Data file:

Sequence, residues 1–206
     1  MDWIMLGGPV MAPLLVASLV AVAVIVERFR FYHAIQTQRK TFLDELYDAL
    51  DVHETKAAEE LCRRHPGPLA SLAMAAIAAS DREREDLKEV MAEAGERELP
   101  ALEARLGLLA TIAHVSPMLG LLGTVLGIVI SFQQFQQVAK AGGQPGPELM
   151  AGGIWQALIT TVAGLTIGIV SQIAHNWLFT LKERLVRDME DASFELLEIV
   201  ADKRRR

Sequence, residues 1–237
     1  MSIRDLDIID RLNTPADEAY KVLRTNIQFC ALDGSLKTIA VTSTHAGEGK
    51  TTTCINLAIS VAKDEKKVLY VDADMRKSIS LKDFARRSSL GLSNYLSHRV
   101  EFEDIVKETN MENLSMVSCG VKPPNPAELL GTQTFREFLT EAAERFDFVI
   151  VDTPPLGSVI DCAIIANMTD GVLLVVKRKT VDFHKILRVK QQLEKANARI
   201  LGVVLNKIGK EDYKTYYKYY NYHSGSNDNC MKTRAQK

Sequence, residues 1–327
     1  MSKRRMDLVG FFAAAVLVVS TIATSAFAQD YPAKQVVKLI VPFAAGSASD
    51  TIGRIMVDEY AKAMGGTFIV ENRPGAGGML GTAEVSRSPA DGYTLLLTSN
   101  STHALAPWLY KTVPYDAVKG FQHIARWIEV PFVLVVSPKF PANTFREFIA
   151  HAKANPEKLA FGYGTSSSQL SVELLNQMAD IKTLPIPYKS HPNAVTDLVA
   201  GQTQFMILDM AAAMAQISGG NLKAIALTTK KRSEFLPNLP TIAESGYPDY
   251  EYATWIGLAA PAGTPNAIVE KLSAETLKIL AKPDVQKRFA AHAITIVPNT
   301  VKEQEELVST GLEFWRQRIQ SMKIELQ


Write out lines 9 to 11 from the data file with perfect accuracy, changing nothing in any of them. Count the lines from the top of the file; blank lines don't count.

    51  TTTCINLAIS VAKDEKKVLY VDADMRKSIS LKDFARRSSL GLSNYLSHRV
   101  EFEDIVKETN MENLSMVSCG VKPPNPAELL GTQTFREFLT EAAERFDFVI
   151  VDTPPLGSVI DCAIIANMTD GVLLVVKRKT VDFHKILRVK QQLEKANARI